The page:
Both of our docks are floating on the plastic 55 gallon drums which we sourced from our local Chemdry. They work great and are very inexpensive.

I would highly reccomend the synthetic decking if you can swing the expense.
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  #15  
Old 09-24-2013, 11:11 AM
maxpower220 maxpower220 is offline
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Most of the new syn decking have side access for screws, there will be no screws showing on top, it looks really good. SS screws are definitely the way to go.

I found the cost of syn to be more than 4Xs the price, so I went with lumber. I used no space between boards, it looks good as there is shrinkage.
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  #16  
Old 09-24-2013, 12:03 PM
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TxsRiverRat TxsRiverRat is offline
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Quote:
Originally Posted by tex View Post
Bigger is better!
We have to make the dock show-ski proof (jk jk jk man lmao)

I'll be calling you for the work parties to rebuild it, Mikey... (seriously, I will!)

Quote:
Originally Posted by 73blue View Post
If you want low maintenance, frame it out and pour a 3" concrete slab. Put floats under it, and you're done forever. It sounds a little crazy, but my entire marina is poured concrete. It is extremely stable and little to no maintenance. The cost will compare favorably against any of the composite decking you are looking at. You will need a few extra floats. What size dock are we talking? How high do you want it to float?
Thanks, but concrete weighs wayyyy too much... our dock is heavy enough as it is and we have to have the ability to move in in/out from the shoreline based on the lake level.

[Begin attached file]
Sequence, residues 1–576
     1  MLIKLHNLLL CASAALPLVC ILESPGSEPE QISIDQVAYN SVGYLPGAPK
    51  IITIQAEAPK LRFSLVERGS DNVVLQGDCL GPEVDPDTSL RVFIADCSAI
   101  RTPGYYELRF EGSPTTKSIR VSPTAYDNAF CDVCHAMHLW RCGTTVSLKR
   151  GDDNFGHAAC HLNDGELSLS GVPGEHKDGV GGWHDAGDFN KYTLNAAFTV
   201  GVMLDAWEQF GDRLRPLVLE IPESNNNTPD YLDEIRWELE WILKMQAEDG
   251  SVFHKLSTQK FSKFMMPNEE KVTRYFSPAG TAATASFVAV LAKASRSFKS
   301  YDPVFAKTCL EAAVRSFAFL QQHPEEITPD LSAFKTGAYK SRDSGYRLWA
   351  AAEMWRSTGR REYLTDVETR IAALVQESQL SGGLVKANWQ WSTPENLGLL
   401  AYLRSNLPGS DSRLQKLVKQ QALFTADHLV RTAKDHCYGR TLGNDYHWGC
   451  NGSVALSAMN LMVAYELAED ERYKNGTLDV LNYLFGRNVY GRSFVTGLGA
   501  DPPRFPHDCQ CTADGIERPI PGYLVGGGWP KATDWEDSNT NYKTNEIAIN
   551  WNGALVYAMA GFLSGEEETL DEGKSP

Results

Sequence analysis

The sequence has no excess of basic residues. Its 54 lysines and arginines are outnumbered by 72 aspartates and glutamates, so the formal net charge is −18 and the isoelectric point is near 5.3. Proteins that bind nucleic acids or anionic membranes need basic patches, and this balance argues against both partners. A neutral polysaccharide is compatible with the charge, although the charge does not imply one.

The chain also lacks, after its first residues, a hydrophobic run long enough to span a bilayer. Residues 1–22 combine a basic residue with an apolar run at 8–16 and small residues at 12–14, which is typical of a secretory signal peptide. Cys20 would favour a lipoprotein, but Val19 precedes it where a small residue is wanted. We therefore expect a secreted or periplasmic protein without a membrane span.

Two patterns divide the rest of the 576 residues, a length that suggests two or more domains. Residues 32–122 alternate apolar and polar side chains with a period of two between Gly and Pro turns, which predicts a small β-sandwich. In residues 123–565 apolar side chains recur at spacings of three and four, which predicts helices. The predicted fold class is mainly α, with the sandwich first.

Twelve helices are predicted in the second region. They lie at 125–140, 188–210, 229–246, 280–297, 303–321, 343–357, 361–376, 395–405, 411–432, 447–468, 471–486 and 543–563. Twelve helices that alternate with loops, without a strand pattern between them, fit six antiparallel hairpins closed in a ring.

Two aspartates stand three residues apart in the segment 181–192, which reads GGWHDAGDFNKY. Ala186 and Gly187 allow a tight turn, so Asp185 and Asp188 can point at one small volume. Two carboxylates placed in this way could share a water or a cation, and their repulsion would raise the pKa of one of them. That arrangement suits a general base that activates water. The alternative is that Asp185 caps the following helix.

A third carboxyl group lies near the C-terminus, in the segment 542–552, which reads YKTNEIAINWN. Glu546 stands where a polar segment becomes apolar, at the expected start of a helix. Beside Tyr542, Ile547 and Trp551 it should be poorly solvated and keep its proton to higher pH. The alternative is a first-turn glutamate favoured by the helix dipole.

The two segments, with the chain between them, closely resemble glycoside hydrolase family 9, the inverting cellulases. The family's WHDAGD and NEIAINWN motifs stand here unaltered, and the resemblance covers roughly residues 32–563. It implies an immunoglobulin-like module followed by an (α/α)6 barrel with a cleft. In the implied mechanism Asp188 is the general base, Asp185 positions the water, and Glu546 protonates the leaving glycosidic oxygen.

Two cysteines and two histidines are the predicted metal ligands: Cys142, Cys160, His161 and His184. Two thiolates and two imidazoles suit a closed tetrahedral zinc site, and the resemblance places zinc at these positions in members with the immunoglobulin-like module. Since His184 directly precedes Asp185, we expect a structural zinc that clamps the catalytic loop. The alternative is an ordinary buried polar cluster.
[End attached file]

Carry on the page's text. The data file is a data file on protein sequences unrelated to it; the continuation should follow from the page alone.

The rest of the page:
Quote:
Originally Posted by BrianM View Post
We have redone both of our dock, ramp and ski, since 2005. We did the ski dock first. It was built completely out of treated wood. We have since used a product called Restore on the top deck for non skid and to help preserve the top decking. We have the corners of the dock where we have our swim ladder and put on skis carpeted since the non skid is rough on the bottom of equipment. 7 years later it is still in pretty good shape although we have had to do some repair here and theer to the top deck boards.

The smaller dock at our ramp has a pressure treated frame with synthetic deck. MUCH better than our ski dock but it was cost prohibitive at the time to do our ski dock with the synthetic deck boards. The boards are about 6 times the cost of pressure treated and you also have additional framing costs due to the fact the synthetic can not span as far. This dock still looks like new with the exception of a little dirt. We generally just pressure wash once a year.